The tax would have the biggest impact in Greenwood, where it could generate $2.5 million in 2020 and $2.6 million in 2021.
The ruling allowing states to require retailers to collect sales taxes from online customers could mean millions of dollars of tax revenue. But a number of Hoosier companies say the ruling creates more questions than answers—and could lay a heavy burden on some small businesses.
The 5-4 ruling Thursday is a win for states, including Indiana, who said they were losing out on billions of dollars annually under two decades-old Supreme Court decisions that impacted online sales tax collection.
Advocates say removing Indiana’s sales tax on many service-based software transactions would be a step in the right direction for the state’s growing tech industry.
The Supreme Court agreed Friday to wade into the issue of sales tax collection on internet purchases in a case that could force consumers to pay more for certain purchases and allow states to recoup what they say is billions in lost revenue annually.
Gov. Eric Holcomb is asking lawmakers to clarify that the state’s sales tax doesn’t apply to software provided on the cloud. But that’s not the only tech-related legislation introduced at the General Assembly.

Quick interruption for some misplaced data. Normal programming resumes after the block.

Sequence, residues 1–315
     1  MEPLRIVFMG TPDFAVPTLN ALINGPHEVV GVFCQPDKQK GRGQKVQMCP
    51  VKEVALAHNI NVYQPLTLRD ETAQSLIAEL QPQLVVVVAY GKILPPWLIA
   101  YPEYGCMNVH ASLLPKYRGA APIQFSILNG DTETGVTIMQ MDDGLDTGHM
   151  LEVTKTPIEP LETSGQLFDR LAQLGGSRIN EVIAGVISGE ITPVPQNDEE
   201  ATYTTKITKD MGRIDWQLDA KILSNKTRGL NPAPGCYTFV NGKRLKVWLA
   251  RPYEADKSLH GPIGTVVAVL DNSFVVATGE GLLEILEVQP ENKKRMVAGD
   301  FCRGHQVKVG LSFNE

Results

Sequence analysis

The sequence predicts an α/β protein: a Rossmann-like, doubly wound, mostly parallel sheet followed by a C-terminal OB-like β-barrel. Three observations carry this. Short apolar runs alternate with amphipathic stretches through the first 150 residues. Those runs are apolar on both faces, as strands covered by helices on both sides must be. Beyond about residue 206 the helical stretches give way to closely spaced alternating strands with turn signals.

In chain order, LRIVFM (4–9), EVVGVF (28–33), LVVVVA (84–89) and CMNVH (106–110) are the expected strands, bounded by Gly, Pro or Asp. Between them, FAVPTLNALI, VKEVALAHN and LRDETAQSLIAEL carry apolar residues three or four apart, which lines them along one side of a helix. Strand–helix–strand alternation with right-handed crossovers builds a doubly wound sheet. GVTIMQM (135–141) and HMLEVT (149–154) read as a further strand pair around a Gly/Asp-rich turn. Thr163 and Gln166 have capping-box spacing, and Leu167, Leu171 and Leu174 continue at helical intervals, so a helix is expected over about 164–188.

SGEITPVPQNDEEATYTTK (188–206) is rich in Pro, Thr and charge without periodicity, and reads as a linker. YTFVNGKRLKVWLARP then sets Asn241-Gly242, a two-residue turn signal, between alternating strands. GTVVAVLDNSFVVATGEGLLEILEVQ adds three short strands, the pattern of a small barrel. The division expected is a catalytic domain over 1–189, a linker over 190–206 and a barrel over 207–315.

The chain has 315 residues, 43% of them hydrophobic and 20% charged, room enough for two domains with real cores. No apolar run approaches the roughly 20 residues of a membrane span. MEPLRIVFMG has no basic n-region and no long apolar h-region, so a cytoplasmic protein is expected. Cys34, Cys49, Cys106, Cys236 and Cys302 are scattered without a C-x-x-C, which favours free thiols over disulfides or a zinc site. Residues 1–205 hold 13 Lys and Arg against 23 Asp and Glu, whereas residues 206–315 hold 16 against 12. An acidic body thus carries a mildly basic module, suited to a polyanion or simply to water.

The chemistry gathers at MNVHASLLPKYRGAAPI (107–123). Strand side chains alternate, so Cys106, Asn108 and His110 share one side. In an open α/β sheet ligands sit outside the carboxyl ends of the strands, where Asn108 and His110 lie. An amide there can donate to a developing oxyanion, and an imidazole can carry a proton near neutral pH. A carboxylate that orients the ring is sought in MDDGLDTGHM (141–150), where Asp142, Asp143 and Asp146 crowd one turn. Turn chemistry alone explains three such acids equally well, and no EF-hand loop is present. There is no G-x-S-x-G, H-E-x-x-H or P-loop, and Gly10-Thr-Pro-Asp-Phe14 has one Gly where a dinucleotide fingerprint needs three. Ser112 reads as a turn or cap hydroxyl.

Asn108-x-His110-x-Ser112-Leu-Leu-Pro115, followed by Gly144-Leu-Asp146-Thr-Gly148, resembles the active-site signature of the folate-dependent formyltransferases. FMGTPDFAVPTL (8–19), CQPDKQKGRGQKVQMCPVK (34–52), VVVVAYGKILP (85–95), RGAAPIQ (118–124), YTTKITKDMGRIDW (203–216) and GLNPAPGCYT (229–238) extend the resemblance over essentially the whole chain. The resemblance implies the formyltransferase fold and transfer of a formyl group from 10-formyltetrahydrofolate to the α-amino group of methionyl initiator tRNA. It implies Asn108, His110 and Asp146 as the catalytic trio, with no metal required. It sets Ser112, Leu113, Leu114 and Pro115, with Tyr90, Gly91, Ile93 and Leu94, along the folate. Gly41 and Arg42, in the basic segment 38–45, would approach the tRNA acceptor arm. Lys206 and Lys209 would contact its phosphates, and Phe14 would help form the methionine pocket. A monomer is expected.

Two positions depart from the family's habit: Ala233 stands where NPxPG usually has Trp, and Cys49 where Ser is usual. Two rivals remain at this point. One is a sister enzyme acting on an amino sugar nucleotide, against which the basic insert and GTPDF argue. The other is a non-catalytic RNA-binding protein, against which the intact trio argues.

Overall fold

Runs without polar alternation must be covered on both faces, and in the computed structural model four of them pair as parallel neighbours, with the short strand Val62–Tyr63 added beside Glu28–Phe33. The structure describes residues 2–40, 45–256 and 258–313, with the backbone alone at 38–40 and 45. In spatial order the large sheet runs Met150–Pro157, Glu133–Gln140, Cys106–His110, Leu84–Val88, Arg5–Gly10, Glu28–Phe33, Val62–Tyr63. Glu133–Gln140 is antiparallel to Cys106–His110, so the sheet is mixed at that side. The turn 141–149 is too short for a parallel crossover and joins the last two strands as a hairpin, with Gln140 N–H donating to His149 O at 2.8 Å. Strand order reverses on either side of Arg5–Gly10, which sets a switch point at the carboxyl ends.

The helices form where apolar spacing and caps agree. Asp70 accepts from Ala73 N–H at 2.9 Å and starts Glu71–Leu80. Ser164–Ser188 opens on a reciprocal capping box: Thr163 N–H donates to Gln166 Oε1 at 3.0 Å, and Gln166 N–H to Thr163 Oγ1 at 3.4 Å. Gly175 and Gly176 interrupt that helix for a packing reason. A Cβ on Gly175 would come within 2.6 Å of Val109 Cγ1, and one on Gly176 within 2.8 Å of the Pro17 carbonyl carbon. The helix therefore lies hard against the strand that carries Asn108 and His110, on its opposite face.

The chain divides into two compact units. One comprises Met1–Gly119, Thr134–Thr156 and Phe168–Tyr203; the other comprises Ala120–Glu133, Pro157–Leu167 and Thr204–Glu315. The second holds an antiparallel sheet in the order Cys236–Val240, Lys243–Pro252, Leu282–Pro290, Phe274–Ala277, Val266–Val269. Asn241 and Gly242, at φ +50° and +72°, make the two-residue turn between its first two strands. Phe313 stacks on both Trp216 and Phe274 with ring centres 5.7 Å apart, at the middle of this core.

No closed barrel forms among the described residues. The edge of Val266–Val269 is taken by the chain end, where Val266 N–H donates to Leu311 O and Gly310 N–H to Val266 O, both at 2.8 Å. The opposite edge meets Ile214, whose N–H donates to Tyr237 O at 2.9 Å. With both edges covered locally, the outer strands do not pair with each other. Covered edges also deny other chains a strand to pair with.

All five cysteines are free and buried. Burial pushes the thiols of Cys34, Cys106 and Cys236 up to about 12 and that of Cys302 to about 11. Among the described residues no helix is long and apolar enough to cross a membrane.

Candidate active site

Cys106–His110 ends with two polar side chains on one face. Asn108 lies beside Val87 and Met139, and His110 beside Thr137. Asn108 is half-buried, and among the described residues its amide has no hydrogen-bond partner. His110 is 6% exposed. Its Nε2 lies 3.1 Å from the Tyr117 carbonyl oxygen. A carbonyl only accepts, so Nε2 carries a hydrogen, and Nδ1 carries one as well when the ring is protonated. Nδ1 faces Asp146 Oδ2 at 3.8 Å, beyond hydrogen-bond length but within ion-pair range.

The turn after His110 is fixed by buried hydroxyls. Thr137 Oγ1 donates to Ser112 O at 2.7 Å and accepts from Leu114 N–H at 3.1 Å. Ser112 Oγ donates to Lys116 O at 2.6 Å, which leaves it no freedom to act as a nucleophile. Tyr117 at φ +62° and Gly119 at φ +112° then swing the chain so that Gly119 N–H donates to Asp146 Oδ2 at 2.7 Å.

The mismatched identities causes problems, especially for businesses, because ZIP codes determine the city used in an address.
The plan repeals the estate tax and alternative minimum tax, lowers the corporate tax rate, and reduces the number of tax brackets while lowering the highest tax rate. One of the largest boons for the middle class would be that it doubles the standard deduction.
The state of Indiana has been clamoring to collect sales tax from out-of-state retailers. The only problem is a U.S. Supreme Court decision that says it can’t.
The report from the State Budget Agency comes as the General Assembly faces a deadline in three weeks to finish work on a new two-year state spending plan.
The proposal to extend a sales-tax exemption to equipment purchases by manufacturers was expected to cost Indiana as much as $240 million per year in tax revenue.
Sales tax is Indiana’s largest source of revenue. But it is tied to consumer spending, and Americans have become increasingly reluctant to spend as median incomes have remained virtually stagnant over the past 30 years.
Politicians in Indiana and other states hope tax cuts for businesses will boost their economies, but those and other moves could be contributing to the income gap limiting growth in U.S. consumer spending.
Growing ranks of dropout workers have nagged the economy throughout its recovery, and now Indiana’s budget forecasters feel they can’t ignore the trend. They recently revised their outlook on state revenue downward, partly because so many Hoosiers stopped looking for jobs.
Indiana’s fiscal picture is looking good with about $2 billion in cash reserves and a strong credit rating, but the next few years could leave the state in a fiscal pinch.
The move likely will prompt more states to attempt to collect taxes on Internet sales — and ignite a furious battle in Congress between Internet sellers, brick-and-mortar stores and states hungry for extra tax revenue.